- Remove from flame and spread it (will be like chapati dough) into a greased pan.
- Sprinkle some chopped nuts, saffron strands and press well using a flat surface greased with ghee. Set aside.
- When it cools down cut into desired shapes using a any cookie cutter or knife and serve!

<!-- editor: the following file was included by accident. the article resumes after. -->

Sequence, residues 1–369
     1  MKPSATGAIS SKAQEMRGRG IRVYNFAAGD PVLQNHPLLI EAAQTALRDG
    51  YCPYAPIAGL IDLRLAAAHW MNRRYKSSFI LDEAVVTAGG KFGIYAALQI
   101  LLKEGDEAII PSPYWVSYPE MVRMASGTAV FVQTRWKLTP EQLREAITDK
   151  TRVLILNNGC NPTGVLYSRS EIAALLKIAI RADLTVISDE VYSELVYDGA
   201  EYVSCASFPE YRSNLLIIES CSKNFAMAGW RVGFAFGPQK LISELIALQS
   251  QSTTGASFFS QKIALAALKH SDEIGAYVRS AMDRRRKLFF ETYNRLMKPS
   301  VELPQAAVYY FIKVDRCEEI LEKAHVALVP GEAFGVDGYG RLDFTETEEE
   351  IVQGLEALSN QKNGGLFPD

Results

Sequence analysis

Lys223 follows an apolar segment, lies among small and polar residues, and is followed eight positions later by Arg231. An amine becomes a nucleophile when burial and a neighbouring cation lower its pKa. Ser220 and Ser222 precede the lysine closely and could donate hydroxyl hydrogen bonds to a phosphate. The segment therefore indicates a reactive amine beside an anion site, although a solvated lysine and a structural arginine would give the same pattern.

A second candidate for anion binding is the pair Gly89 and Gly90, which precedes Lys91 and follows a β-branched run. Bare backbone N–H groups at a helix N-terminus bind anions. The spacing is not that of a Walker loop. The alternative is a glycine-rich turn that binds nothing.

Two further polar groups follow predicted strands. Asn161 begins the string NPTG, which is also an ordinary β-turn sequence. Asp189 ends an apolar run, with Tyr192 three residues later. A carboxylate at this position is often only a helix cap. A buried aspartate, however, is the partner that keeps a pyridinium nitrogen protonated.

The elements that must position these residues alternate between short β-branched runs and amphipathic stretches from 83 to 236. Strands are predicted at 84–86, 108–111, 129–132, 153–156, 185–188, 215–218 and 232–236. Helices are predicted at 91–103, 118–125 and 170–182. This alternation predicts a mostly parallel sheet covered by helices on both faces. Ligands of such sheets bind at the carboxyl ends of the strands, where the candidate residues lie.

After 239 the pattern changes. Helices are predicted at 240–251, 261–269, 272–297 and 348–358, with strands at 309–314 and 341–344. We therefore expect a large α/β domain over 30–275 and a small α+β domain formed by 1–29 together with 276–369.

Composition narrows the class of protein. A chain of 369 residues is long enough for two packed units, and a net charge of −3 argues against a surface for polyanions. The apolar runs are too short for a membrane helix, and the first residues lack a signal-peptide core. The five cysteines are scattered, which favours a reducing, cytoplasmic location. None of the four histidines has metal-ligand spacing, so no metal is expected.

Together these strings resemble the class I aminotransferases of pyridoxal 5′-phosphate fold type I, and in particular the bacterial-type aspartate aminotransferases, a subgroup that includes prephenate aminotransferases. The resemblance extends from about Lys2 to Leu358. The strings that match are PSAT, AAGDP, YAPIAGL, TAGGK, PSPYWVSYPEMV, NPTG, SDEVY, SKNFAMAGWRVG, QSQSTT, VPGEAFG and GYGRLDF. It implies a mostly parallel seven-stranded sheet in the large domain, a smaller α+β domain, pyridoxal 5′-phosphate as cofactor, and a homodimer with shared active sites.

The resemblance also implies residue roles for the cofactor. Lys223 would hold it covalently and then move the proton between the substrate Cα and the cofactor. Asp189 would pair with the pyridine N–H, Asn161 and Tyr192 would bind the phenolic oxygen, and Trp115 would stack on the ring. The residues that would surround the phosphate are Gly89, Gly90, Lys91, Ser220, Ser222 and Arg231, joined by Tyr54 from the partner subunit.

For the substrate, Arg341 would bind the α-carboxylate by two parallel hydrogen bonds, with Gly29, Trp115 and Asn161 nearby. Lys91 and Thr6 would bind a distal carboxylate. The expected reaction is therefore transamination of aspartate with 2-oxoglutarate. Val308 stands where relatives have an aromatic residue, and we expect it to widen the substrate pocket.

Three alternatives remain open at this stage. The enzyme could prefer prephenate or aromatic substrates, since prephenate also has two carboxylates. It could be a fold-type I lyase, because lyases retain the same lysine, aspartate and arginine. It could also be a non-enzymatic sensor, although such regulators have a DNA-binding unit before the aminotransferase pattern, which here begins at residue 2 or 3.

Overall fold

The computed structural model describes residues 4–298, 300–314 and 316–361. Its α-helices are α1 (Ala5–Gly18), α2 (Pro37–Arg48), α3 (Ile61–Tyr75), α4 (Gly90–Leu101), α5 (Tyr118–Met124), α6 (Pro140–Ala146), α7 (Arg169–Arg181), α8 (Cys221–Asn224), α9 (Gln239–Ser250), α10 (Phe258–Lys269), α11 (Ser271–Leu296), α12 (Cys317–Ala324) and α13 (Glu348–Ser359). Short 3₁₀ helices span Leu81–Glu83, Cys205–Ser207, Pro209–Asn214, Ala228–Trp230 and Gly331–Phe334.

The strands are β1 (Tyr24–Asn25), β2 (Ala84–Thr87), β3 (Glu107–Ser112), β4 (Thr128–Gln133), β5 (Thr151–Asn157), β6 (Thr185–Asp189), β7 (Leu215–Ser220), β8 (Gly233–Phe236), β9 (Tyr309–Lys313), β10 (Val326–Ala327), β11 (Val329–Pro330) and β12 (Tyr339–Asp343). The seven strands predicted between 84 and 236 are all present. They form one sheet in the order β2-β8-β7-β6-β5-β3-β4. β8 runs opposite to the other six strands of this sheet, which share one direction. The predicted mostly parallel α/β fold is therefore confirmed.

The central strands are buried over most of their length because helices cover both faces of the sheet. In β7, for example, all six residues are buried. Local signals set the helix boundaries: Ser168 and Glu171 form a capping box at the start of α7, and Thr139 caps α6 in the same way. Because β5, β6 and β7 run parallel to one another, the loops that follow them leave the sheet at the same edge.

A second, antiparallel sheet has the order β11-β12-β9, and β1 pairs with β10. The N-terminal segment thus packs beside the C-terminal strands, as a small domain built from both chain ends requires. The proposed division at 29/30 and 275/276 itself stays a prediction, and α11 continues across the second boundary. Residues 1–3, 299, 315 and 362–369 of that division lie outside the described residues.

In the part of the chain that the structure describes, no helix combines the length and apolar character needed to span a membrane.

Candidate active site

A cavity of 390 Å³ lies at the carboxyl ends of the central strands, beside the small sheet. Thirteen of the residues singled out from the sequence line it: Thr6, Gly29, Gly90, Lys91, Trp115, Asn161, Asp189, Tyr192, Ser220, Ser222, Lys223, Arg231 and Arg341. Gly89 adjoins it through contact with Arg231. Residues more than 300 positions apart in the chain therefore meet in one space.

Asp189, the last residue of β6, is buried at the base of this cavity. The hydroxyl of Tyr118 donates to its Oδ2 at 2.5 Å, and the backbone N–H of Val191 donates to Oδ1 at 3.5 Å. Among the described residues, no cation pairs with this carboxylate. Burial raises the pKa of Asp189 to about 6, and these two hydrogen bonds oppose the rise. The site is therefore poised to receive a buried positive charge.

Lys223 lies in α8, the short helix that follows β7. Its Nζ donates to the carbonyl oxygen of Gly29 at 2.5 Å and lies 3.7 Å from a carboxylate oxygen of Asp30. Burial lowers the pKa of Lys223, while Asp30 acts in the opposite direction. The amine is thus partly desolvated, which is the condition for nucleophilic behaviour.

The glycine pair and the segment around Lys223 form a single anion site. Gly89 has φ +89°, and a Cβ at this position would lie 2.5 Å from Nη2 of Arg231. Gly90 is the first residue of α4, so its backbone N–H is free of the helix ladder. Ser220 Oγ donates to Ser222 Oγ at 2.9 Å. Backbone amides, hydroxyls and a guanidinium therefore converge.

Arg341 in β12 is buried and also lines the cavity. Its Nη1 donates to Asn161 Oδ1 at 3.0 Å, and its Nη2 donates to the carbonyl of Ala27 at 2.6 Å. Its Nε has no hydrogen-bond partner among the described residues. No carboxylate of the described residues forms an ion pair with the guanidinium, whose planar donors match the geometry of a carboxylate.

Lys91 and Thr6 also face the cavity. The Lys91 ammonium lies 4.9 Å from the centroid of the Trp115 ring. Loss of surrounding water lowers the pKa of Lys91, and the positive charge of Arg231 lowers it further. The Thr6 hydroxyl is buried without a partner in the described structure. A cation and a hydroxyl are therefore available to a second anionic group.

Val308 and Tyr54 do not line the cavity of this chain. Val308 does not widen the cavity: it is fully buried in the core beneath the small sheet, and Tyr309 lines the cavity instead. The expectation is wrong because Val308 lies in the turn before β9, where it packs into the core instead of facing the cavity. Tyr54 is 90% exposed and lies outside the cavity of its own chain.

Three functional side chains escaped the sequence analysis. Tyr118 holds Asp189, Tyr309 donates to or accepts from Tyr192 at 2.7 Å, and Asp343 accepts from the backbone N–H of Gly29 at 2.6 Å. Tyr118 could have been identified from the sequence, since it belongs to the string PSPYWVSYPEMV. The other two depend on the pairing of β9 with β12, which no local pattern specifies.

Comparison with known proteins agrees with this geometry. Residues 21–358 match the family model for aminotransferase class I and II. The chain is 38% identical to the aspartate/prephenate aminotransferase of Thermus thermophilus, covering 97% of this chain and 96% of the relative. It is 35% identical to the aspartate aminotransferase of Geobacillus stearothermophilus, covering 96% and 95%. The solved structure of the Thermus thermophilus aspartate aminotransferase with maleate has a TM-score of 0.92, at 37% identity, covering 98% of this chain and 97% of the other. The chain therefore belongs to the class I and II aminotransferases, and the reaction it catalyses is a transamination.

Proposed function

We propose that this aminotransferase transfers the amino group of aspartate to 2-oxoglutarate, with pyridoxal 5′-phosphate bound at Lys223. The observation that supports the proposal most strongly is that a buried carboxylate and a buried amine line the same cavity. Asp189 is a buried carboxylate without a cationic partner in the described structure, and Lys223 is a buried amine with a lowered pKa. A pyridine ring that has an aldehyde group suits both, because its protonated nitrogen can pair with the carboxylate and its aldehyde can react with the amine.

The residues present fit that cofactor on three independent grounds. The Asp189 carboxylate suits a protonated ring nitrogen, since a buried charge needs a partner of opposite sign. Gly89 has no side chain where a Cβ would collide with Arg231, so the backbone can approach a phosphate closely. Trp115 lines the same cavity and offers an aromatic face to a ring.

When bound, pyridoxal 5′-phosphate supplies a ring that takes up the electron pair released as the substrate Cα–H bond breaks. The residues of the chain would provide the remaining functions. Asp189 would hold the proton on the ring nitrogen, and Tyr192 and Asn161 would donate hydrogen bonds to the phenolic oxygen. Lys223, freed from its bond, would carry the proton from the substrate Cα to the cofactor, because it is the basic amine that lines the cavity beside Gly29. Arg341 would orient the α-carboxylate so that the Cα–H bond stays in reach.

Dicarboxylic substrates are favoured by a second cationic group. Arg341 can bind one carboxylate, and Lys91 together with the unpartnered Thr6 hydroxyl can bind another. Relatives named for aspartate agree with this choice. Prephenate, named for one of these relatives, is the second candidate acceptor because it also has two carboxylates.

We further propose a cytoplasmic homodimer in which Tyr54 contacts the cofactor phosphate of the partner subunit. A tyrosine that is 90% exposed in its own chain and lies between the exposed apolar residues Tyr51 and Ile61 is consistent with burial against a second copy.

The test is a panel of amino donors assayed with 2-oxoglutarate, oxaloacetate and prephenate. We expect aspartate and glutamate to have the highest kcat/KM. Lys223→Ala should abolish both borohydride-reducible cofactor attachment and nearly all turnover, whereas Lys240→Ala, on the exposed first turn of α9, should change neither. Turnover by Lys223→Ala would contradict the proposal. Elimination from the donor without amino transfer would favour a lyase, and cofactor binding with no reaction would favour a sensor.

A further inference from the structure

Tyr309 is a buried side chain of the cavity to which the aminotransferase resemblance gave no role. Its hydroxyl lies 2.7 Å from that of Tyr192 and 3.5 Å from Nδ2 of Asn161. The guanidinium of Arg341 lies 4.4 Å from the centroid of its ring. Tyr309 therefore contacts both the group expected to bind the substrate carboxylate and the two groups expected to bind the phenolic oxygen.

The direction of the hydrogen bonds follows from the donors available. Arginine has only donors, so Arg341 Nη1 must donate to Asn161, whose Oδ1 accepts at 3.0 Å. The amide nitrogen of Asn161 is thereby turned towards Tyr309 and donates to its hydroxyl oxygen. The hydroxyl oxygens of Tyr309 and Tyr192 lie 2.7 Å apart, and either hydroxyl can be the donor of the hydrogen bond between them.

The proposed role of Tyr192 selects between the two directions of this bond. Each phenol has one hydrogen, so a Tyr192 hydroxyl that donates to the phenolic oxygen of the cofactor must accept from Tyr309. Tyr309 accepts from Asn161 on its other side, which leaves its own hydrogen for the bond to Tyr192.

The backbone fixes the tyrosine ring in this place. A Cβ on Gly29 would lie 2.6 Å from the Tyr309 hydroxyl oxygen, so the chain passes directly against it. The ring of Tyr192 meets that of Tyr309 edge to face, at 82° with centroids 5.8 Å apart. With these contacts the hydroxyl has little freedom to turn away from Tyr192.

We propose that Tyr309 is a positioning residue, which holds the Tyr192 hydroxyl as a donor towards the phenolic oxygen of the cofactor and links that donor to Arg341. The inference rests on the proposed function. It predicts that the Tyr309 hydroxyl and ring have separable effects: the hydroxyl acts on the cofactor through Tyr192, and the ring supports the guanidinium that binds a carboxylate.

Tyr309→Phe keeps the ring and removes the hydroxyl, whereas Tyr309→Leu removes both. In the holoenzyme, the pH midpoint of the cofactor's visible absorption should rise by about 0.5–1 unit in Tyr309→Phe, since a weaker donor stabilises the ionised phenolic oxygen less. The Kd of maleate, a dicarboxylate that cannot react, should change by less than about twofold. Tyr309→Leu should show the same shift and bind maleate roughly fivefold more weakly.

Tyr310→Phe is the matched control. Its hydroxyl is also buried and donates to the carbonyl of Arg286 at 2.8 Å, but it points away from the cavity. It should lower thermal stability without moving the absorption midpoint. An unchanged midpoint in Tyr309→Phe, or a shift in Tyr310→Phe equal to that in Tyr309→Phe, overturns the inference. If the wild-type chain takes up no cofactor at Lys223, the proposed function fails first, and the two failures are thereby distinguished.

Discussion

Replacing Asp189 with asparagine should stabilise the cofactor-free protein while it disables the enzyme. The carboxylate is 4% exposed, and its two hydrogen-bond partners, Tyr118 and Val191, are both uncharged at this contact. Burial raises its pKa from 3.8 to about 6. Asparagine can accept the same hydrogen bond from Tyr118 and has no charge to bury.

TIP 2: If you do not wish to use food color you can avoid it but instead of adding cashew nuts you can add pistachio nuts which will give a nice contrasting color.TIP 3: Slightly dry roast the cashew nuts and then chop it to give a crisper taste.TIP 4: You can also grease a flat surface with ghee then place the dough (after it cools down well) on it and spread well using a rolling pin (the ones you use for making chapatis) then sprinkle some chopped nuts and press well again. Using a cookie cutter chop into desired shapes then. This will be easier than the former method. Whatever utensils you use grease it well with ghee so that the dough does not stick to them.TIP 5: The texture will change once it has cooled down well. Initially it will be very soft bu later on it will get the perfect burfi texture.TIP 6: You can also separate the prepared dough into two portions add two different food colors and prepare colorful burfis also.